Gazpacho actually began without the tomatoes as a cold bread soup with stale bread, salt, garlic, olive oil, and vinegar. Tomatoes and peppers were brought to Europe with the Columbian Exchange after 1492 and eventually integrated into the soup. Traditionally the soup is served cold, but there are warm versions as well. Sometimes there are additions made with meat and chunks of vegetables, but most of the time I like to keep it simple. Less time in the kitchen that way! The recipes vary a lot, but this is the one that I always use.

3 medium tomatoes, cut into chunks
1 green pepper (I like anaheim/italian peppers)
1 clove of garlic
about 3/4 c. olive oil
2 t. vinegar
1 t. salt
3 thick pieces of stale, wet bread (I usually cut a few pieces from leftover french bread, then run them under water for a few seconds and squeeze them out slightly)

Blend all ingredients together. I like to use my hand blender because that is what we used in Spain, but a regular blender works just as well. I prefer the mixture to be blended very well and have tiny chunks instead of a thicker, bruschetta size blend. After mixture is blended, add 3/4 cup of ice cold water. Soup can be served now, but is always better if you let it sit in the refrigerator to cool.

Garlic Scape Pesto
(From the Washington Post)
1 cup garlic scapes (about 8 or 9 scapes), top flowery part removed, cut into ¼-inch slices
1/3 cup walnuts
¾ cup olive oil
¼-1/2 cup grated parmigiano
½ teaspoon salt
black pepper to taste
Method:Place scapes and walnuts in the bowl of a food processor and whiz until well combined and somewhat smooth. Slowly drizzle in oil and process until integrated. With a rubber spatula, scoop pesto out of bowl and into a mixing bowl. Add parmigiano to taste; add salt and pepper. Makes about 6 ounces of pesto. Keeps for up to one week in an air-tight container in the refrigerator.

Melon with Port and Lavender
(thanks to Figs, Olives, Wine!)
1 ripe Cantaloupe
Ruby Port (no need for anything posh here)
Small pinch of fresh or dried lavender (optional)
Halve your melon and gently scoop out the seeds. With a sharp pairing knife, lightly score the hollow of the cavities in a crosshatch pattern. This will allow the Port to penetrate the flesh. Fill the melon halves about 3/4 of the way with Port and let sit for 15 – 30 minutes. Just before serving, crumble the dried lavender over the exposed flesh.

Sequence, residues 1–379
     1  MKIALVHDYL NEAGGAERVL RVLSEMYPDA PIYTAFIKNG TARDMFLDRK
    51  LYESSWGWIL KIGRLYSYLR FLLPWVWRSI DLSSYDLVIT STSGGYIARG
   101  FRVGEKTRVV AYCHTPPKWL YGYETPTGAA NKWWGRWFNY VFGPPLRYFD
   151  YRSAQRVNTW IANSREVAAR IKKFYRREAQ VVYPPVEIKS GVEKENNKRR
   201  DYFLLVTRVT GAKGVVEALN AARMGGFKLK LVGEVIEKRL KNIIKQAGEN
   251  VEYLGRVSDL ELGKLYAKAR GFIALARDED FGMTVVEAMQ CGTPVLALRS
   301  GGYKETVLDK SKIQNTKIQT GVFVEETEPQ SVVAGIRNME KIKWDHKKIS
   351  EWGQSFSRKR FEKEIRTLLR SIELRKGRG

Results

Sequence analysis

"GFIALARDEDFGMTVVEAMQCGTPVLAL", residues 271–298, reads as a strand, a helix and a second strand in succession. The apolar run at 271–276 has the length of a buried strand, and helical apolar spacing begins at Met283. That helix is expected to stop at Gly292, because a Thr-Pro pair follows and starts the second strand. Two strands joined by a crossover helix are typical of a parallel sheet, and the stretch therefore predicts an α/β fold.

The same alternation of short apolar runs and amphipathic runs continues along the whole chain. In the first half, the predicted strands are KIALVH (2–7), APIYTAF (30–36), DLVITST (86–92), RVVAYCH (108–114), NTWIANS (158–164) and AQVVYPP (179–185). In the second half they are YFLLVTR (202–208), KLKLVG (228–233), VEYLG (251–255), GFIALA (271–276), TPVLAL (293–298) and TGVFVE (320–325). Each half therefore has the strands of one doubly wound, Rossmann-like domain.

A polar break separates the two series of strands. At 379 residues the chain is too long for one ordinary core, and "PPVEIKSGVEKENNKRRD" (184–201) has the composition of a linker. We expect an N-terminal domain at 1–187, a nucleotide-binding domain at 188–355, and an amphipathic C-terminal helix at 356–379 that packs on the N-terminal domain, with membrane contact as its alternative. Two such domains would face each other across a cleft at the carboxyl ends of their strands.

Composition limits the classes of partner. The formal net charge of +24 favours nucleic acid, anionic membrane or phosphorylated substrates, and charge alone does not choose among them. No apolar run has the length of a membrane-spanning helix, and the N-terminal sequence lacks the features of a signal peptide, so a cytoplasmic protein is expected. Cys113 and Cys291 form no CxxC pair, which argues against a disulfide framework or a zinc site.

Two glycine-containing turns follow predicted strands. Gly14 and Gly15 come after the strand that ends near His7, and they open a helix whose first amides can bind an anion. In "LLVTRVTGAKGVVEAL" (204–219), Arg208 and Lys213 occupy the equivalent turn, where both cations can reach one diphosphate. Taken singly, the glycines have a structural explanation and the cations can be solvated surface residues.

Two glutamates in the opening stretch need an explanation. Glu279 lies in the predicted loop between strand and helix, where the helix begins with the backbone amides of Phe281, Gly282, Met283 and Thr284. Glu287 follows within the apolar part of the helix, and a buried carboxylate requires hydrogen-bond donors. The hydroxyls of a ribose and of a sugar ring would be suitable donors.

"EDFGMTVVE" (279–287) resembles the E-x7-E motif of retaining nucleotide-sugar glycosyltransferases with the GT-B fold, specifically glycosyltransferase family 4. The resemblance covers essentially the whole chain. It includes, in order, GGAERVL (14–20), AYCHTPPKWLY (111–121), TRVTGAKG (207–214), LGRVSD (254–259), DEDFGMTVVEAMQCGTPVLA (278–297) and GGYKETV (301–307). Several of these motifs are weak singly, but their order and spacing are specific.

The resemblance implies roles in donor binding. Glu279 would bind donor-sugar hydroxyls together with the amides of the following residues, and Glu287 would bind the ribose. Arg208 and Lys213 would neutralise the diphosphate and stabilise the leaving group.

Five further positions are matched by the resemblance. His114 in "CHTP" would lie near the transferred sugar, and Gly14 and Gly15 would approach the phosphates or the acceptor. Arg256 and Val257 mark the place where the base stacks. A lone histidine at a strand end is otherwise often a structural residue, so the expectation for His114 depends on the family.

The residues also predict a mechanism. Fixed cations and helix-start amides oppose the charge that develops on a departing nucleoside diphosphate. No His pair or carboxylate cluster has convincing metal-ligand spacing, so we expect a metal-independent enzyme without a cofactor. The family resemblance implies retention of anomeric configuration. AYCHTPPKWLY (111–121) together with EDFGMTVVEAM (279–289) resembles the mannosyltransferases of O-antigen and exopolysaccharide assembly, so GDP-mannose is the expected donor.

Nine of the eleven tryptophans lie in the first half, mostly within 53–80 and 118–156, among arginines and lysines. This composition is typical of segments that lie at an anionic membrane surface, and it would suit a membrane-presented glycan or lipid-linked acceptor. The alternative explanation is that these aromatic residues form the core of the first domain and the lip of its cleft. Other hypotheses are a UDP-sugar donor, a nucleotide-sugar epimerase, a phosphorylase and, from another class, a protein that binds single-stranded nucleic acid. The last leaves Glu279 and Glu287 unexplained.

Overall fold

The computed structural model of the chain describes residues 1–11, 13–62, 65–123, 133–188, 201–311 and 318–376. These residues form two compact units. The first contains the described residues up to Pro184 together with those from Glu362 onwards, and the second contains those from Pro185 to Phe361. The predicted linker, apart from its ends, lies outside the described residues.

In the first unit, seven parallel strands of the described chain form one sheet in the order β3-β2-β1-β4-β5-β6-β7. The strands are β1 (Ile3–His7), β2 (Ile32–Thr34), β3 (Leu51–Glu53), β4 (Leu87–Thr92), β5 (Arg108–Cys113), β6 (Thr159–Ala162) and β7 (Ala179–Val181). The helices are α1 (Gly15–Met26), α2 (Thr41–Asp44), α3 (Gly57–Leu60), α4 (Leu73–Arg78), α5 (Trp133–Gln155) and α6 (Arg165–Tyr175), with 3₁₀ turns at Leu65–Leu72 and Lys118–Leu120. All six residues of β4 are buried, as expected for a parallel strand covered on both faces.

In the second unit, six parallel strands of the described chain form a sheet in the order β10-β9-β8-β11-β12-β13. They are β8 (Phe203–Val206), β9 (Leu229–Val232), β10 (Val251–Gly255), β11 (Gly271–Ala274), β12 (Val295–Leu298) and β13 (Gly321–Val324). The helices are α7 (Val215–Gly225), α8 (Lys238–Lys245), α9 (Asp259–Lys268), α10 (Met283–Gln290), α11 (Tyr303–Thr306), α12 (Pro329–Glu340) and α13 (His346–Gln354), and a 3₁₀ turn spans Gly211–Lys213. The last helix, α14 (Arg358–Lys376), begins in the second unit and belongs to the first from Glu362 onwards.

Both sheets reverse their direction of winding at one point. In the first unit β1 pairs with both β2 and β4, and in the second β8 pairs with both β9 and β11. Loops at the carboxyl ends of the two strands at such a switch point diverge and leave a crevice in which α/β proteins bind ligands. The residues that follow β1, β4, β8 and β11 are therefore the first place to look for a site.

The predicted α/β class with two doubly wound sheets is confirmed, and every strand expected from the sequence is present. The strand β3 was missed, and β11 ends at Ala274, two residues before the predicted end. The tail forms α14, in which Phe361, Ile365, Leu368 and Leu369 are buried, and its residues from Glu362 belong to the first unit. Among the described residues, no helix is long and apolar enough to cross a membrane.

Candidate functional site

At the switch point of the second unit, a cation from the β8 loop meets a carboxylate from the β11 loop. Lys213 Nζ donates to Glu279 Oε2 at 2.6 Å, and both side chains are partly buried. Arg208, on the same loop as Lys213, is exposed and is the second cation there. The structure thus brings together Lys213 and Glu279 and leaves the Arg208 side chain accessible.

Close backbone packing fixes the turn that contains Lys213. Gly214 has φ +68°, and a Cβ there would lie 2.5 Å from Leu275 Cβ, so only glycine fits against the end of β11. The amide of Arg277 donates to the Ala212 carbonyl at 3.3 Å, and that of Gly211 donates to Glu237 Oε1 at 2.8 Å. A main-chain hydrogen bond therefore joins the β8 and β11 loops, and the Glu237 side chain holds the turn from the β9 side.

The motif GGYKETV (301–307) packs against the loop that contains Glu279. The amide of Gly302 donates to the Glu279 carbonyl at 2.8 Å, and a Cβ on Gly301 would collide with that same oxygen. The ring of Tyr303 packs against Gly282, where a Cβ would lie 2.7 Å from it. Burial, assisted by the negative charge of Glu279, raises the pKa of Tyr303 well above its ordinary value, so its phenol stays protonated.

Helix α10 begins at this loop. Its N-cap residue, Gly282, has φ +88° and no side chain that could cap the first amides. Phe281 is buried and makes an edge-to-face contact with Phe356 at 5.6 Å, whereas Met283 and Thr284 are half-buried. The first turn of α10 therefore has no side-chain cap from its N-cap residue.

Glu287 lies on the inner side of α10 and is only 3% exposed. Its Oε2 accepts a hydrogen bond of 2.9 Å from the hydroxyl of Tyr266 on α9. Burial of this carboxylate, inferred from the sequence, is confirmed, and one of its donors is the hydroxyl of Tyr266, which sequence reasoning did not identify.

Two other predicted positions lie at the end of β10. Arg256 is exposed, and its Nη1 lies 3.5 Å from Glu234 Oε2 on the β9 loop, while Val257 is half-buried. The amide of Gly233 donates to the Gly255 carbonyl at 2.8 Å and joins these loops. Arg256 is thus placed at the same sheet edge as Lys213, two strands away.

Peach & Goat Cheese Salad
(dressing recipe from Sarah, not me)
Mixed greens
Goat cheese (I used a honey, orange, walnut flavored, but regular would be just fine)
Fresh peaches, chopped
Chopped Walnuts
For Dressing:
¼ cup honey
2 ½ teaspoons cider vinegar
½ teaspoon celery seed
½ teaspoon ground mustard
½ teaspoon paprika
½ teaspoon lemon juice
½ teaspoon grated onion
1/8 teaspoon salt
1/3 cup olive oil
Mix together the ingredients for the salad dressing until combined. Toss dressing with greens, goat cheese, peaches and walnuts.

My Signature Dish

I grew up cooking with my mom, but when I got to college I stopped doing a lot it since I was just making things for one, and plus, I was broke. After a couple of years, though, the urge to cook gripped me again--quite possibly inspired by all of the Food Network I was watching. This dish is probably the first that I took and made my own. It started as just a simple alfredo recipe that I found somewhere and I have added to it and adjusted it to make it into one of my favorite pasta dishes.
This is the first dish I ever made for a small dinner party we had in college. I think it may be one of the first dishes I made for Joe and it is now his favorite thing that I make. I think I even made it as my first cooking experience as a married woman. It really isn't a complicated dish, but it tastes amazing and really has a special place in my heart. Every time I cook it, the smells and tastes bring back so many memories.
Mushroom and Artichoke Alfredo
1/2 c. Butter
8 oz. Mushroom, sliced
1 can quartered artichoke hearts
1-2 cloves garlic, finely chopped
1/3-1/2 c. Sherry (or white wine/cooking wine)
1 pint heavy whipping cream
3/4 c. Parmesan cheese
10 oz. bow tie pasta
Cook pasta as directed. Saute mushrooms, garlic, and artichoke hearts in butter over medium-high heat. Once cooked, add sherry and cook for 2 minutes. Add heavy whipping cream. Continue to cook until sauce begins to thicken (about 7 minutes), stirring continuously. Add parmesan cheese. Toss sauce with pasta and serve.